Vice President Joe Biden’s role in crafting a fiscal-cliff deal that gained approval in both the Senate and the House in the past few days raises his political profile to a lofty new level.
Michael Hirsh of the National Journal SAYS Biden’s stature as a vice president has few, if any, historical parallels:
Over the past four years Biden has insinuated himself into the White House, while seeming hardly to try, in a way that no other vice president in memory has done. He and Obama, both consummate pragmatists though they tend to be liberal in outlook, have achieved something close to a mind meld across a whole range of issues, including foreign policy, the economy, and political strategy. Biden said it outright in his speech during the presidential campaign: “I literally get to be the last guy in the room with the president. That’s our arrangement.” That’s no small thing in a town where power is often measured in minutes of presidential face time.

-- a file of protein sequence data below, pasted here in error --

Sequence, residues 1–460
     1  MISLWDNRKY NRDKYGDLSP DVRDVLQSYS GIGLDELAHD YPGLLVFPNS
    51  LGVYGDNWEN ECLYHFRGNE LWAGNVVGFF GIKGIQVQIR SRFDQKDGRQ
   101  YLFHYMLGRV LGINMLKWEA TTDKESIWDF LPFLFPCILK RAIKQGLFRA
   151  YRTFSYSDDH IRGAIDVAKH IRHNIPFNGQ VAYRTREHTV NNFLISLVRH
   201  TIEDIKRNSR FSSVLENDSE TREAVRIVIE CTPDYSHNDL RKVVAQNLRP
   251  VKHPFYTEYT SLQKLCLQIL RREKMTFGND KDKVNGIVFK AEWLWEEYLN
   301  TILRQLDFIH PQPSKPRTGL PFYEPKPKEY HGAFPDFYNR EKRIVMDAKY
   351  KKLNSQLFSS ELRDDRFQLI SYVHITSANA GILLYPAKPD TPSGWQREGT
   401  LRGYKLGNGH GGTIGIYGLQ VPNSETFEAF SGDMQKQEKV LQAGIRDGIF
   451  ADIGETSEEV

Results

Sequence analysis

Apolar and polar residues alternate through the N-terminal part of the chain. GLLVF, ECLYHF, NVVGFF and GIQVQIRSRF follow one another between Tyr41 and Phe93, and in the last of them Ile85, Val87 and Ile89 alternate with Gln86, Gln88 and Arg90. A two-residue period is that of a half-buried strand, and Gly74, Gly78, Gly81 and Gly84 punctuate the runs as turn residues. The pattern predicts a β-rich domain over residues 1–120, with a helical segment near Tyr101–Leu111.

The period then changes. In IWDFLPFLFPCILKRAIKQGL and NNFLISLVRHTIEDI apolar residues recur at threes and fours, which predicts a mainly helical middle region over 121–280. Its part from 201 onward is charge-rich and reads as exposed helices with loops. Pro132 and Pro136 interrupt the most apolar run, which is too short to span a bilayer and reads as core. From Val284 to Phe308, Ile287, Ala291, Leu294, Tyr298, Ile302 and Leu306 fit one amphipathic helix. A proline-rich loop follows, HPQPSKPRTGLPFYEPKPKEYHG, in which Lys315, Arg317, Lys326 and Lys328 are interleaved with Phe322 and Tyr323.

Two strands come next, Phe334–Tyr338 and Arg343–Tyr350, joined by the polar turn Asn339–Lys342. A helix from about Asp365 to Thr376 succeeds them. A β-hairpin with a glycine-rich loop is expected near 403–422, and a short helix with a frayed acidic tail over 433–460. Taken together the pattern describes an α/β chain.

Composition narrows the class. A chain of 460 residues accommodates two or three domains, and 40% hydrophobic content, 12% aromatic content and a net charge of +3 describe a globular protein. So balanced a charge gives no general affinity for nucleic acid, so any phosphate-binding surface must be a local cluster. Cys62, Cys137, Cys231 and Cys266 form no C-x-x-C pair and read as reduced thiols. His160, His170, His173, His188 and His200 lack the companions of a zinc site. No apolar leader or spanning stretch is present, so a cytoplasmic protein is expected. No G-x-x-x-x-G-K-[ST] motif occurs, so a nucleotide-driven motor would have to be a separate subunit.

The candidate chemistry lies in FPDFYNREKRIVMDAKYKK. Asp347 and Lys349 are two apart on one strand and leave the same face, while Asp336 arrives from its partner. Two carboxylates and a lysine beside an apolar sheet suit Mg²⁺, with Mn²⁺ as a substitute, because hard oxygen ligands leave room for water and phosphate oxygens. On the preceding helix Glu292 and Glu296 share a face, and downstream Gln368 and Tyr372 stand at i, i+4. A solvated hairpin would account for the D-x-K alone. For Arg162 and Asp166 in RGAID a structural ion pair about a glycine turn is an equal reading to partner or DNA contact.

It wasn’t long ago that Biden’s predecessor, Dick Cheney, was seen as the gold — some might say sulfurous — standard in vice presidential power. Biden himself, ironically enough, once described Cheney as “probably the most dangerous vice president we’ve had” because of what many observers saw as Cheney’s undue influence over George W. Bush.
But in terms of the sheer number of issues Biden has influenced in a short time, the current vice president is bidding to surpass even Cheney. Fiscal issues and guns are only a small sampling of this vice president’s portfolio. Back in 2010 it was Biden’s office that, in the main, orchestrated the handover to the Iraqis. It is Biden’s view of Afghanistan that has, bit by bit, come to dominate thinking inside the 2014 withdrawal plan. On financial reform it was Biden who prodded an indecisive Obama to embrace, at long last, Paul Volcker’s idea of barring banks from risky trading, according to Austan Goolsbee, formerly the head of Obama’s Council of Economic Advisers. The VP also tilted the discussion in favor of a bailout of the Big Three auto companies, according to Jared Bernstein, Biden’s former economic adviser. “I think he made a difference in president’s thinking,” Bernstein said. “He understood the importance of the auto companies to their communities, and throughout the country.”